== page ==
I remember visiting Korea often as a kid and noticing that breakfast was just as diverse and savory as the other meals of the day. They don't make a distinction between breakfast food and lunch and dinner, so it is common to have the usual dishes of tofu or seaweed soup, rice and little side dishes of pickled vegetables, and sometimes fish or other meats, when you first wake up. 

I took a few weeks traveling Eastern Europe a year after college and loved taking note of how each place did breakfast. Pastries - elaborate pastries- definitely have their place, but I was more intrigued by breakfasts that included fresh tomatoes and cucumbers, olives, thick yogurt and a hearty chunk of bread. 

When I was studying abroad in England a few years after that, the breakfast that they served at the school there became something I looked forward to everyday: baked beans, cooked tomatoes, sausage or ham, a piece of toast and milky tea. 

I find pleasure in introducing different kinds of foods to Sloane, so most of these dishes are things that we have tried together for breakfast (or just in general). No surprise then, that I was so excited to look through this fascinating article over at the New York Times about what kids around the world eat for breakfast. The article highlights breakfast, but the piece is actually about how tastes and preferences are shaped by the culture around us.  I liked being able to see the food laid out for each country (and the photos of the kids are adorable, too) and it was further inspiration about how to approach my favorite meal of the day. I've included some photos from the article below, but you should click over there to see further details. 







Friday, October 10, 2014


This is the week that felt like a month. I walked out of work each day feeling like I had just survived a natural disaster: eyes glazed, limp arms, hungry - you get the picture.  And each day we have a myriad of things to do in the evening, but after Monday and Tuesday, when we realized what kind of week this was (all of our phone calls started with a big sigh, and then, "so....we survived"), we designated that Wednesday evening would be our haven. At least for an hour, before the rush of bed time and the insistence of the to-do list set in, we would build a little fire, roast hot dogs, and just sit with each other.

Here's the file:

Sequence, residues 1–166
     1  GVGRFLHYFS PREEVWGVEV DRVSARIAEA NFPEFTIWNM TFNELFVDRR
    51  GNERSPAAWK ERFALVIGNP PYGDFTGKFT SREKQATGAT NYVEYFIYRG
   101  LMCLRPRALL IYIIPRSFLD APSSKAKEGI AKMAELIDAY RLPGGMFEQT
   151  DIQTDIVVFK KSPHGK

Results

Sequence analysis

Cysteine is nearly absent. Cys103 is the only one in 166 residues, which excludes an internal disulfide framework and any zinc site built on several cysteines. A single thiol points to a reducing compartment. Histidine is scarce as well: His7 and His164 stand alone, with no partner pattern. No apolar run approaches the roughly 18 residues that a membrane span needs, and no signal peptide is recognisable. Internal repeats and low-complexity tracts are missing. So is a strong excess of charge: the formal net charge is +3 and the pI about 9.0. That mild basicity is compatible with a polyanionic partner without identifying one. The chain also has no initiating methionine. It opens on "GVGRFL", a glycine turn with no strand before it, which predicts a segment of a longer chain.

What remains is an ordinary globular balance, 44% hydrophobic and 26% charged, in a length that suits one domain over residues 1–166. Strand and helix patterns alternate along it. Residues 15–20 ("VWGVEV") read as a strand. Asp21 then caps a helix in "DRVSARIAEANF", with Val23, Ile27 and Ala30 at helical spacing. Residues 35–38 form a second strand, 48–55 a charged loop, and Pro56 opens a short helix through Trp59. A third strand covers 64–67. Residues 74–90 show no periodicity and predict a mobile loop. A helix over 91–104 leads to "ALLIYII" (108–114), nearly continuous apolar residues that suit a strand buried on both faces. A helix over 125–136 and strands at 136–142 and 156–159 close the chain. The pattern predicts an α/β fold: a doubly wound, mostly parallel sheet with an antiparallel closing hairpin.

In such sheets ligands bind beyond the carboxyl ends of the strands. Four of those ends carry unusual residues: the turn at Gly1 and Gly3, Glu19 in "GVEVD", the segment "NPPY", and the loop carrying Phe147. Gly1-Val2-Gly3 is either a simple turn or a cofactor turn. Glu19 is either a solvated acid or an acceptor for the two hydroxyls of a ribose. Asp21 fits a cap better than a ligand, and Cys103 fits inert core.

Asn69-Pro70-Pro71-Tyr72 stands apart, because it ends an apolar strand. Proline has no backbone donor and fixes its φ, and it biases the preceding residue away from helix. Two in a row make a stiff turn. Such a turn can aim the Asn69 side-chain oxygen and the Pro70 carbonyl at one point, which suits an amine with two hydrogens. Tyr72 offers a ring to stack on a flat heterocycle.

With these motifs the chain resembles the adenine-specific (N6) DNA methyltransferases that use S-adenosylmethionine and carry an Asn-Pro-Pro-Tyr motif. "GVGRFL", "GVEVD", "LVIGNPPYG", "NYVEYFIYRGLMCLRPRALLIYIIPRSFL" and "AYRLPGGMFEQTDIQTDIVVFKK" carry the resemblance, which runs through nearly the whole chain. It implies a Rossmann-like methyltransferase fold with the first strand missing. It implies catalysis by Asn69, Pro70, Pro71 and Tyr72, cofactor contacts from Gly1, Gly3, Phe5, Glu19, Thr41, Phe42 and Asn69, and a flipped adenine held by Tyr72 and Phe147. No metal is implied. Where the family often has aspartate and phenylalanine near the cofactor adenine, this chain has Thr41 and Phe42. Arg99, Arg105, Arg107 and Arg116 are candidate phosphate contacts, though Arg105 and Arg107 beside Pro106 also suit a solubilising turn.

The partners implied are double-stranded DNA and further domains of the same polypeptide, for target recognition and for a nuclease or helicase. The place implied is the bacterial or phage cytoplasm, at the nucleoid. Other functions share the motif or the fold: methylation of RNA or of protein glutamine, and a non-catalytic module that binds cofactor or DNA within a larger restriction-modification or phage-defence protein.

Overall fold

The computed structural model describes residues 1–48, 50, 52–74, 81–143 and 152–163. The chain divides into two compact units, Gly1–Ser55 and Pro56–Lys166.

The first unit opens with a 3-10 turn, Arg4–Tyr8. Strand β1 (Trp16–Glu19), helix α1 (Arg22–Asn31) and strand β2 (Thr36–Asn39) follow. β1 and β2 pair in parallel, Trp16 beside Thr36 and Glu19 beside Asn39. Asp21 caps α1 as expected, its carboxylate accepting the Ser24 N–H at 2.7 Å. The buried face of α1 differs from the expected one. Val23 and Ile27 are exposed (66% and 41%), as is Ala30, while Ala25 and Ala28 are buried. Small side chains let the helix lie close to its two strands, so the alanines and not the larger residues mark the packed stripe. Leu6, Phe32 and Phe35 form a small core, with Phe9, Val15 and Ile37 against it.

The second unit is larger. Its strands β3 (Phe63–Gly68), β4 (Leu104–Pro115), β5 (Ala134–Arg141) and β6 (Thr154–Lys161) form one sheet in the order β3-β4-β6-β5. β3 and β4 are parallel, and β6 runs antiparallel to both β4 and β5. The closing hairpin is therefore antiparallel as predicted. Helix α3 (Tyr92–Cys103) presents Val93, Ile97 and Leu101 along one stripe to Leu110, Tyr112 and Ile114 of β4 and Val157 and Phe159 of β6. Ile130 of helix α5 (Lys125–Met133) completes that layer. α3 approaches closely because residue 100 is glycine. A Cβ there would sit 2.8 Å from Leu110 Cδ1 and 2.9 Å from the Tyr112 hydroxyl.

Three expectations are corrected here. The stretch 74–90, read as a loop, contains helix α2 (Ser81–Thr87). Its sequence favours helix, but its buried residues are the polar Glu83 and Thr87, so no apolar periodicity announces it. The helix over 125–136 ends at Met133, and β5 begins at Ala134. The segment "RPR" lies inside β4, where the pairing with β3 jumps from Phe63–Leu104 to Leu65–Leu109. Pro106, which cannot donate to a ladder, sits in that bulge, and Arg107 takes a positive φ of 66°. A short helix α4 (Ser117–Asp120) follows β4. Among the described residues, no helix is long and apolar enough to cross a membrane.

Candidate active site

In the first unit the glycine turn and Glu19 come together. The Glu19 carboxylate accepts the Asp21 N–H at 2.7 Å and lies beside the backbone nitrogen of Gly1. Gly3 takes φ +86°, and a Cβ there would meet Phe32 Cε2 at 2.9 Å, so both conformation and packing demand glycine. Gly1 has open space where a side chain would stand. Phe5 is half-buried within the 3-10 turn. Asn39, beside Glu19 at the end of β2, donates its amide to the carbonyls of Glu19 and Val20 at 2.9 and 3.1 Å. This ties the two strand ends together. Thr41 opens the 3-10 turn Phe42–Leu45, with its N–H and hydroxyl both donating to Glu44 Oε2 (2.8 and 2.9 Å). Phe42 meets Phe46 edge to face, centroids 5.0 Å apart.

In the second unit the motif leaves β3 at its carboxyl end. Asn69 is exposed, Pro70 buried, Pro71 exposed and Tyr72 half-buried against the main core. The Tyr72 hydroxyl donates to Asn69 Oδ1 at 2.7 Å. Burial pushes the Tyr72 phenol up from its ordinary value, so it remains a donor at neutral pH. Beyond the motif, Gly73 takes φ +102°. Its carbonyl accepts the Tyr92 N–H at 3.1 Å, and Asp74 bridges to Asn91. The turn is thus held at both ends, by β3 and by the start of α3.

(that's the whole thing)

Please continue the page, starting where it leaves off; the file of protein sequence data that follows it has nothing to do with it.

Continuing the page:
And we did just that. 

P.S. Don't be surprised by the abundance of fire pit photos you may or may not see here on the blog. It's my favorite thing right now. 

We are all so relieved to be at the end of this week; here's to hoping this weekend goes nice and slow...and with eyeballs wide open! 

Wednesday, October 8, 2014


...yes, a fire pit!!! 

But first, a bird feeder.  We finally put up the glorious bird feeder that we made a couple of weeks ago at Simone's birthday party. It was exciting! We've been checking it every day since.

After we put up this hunk of a treat for the birds and deer of our neighborhood, I showed Sloane the fire pit that I had made while she was napping. 

Ta-da! It's your very basic run of the mill fire pit, but I am terribly proud of it because I made it all by myself. Ken was more than willing to help, but he had a project of his own in the garage and with only a few free hours in the afternoon, i rolled up my sleeves and got to work.  I hauled 14 cement blocks from the car to the backyard, dug a hole about one feet deep and three feet wide,  placed the cement blocks around the hole, and then filled the bottom of it with marble rocks. Not a bad set up for $30 and two hours of work. 

I love a hundred things about a contained fire and I'm relieved that having this pit means several fireside moments these next few months. Fire-gazing, fancy smore combinations, hot dog on a stick, clothes seeping with the smell of campfire - bring it on!

Important lessons in fire safety.

At this moment, she breathed out a, "wooww!"

Our backyard looks like a campsite!

And then our friends came over...and we broke it in with marshmallows. Watching the tots rejoice as they roasted their marshmallows over the pit did me a world of good and reinforced my belief in humanity and hard work, and all that.